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Home-grown Rules

A more promising approach is the adoption of rules that require that a certain minimum number of players in a team or in a squad who are registered as eligible to play in a particular competition shall have been produced through the training system that exists within the country in which the club is located. Such players are likely to have the nationality of the state in which a club is based, but this need not be so. There is no mandatory connection fixed on nationality. The point is to eliminate the direct discrimination based on nationality which taints FIFA’s ‘6 plus 5’ rule and instead to establish a system which, by distinguishing on the basis of training location, amounts only to indirect discrimination based on nationality. This opens up greater scope for justifying such rules as an expression of the specific character of sport.

There are such rules in football. They are commonly known as ‘home-grown’ rules. UEFA’s current system deems a player ‘home grown’ where registered with a club for three seasons between the ages of 15 and 21, so in fact a player can count as home-grown in State A having played all his football and received all his training up to the age of18 in State B.[1] [2] [3] However, the purpose of the current analysis is not to consider the arrangements in detail: their precise shape regularly changes in any event. The current concern is how to treat such rules as a matter of EU law: do they respect the terms of the conditional autonomy which EU grants to sport?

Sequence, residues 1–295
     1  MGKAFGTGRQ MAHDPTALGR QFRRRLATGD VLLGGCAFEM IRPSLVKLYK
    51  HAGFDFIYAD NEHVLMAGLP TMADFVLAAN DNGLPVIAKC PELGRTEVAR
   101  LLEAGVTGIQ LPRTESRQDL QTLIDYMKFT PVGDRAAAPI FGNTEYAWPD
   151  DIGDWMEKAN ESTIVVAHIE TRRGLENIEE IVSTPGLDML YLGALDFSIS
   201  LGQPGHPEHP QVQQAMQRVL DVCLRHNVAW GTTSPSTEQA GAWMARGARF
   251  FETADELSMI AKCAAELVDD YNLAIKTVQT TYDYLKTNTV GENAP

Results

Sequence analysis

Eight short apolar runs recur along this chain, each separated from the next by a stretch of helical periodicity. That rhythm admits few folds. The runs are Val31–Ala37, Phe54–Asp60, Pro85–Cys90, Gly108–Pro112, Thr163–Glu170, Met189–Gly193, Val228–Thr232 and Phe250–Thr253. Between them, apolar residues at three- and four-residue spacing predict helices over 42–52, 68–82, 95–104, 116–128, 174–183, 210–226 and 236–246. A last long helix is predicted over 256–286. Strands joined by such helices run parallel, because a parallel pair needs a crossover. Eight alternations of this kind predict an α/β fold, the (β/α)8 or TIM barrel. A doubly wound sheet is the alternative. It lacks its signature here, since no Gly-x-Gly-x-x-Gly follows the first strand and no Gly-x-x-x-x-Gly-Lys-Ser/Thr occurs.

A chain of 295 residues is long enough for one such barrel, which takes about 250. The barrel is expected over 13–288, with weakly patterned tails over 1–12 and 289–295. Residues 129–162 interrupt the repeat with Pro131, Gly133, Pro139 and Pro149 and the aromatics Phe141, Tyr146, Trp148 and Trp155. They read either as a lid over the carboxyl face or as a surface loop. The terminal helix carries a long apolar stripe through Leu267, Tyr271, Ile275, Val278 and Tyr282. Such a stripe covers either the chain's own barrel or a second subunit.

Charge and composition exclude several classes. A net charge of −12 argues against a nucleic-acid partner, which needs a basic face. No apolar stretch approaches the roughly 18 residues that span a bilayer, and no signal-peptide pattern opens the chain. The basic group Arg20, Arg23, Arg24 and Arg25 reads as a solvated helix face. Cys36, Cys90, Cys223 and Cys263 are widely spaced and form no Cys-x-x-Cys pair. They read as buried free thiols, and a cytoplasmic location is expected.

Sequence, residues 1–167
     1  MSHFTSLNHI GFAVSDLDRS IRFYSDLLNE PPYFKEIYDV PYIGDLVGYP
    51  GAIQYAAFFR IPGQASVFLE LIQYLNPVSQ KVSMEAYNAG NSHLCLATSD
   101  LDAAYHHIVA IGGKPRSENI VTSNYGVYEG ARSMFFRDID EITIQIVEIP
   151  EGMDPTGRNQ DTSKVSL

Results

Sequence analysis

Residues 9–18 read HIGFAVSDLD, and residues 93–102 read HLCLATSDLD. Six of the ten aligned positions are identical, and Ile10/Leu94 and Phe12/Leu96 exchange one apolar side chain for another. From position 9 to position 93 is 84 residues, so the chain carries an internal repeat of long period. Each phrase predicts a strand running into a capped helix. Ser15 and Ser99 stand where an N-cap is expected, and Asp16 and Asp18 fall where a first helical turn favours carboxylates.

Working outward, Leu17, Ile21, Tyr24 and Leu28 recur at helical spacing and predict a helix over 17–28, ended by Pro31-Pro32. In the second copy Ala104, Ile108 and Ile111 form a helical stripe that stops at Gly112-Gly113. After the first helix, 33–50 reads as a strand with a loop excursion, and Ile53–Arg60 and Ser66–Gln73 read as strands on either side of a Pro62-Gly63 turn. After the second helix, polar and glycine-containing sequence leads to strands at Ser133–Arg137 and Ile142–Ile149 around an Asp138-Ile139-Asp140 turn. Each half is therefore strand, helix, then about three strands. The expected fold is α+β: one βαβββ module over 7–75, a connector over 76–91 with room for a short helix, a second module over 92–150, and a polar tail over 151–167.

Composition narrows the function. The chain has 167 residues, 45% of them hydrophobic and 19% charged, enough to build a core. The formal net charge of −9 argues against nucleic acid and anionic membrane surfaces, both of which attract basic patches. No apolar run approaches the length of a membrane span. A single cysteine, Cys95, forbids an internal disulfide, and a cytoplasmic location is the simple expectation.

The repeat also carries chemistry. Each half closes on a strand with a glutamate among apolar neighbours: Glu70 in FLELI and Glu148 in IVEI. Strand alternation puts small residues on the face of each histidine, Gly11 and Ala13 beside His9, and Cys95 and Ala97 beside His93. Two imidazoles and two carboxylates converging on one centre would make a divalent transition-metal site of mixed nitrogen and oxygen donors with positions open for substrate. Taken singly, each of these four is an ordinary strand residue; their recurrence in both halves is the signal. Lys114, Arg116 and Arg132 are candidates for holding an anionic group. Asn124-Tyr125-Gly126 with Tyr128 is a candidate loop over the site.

The aim of such rules is plainly to encourage investment in young talent with a view to sustaining the long-term supply of good quality players. So the scheme favours the ‘home-grown’, and it stops a club simply filling its team-sheet and its squad with fully developed mature players. This opens up room to argue that the rules are necessary to support the interest of encouraging investment in youth training, the matter of competitive balance between clubs, and the wider health of the national representative side.

No ruling of the Court of Justice deals directly with the compatibility of such rules with EU law. However, the Commission has accepted that ‘home-grown’ rules are potentially compatible with the Treaty. The Staff Working Document accompanying the 2007 White Paper merely mentions this as one of several important outstanding issues^1 but in May 2008 the Commission, publishing an independent study on the compatibility of the scheme with EU law, announced a firmer view. It considered the home-grown rule compatible with EU law in the light of its contribution to promoting balance in sporting competition and encouraging the training of young players.62

The 2008 study is disappointingly thin and descriptive. It does not deserve to command a high level of respect, for it is uncritically generous to the claims made on behalf of the lex sportiva. Nevertheless the Commission has stuck to its point of view. Its 2011 Communication on Sport is openly receptive to the ‘home-grown’ model.[4] [5] [6] [7] It notes that the Court’s case law is receptive to ‘the need to preserve certain specific characteristics of sport’, and adds that: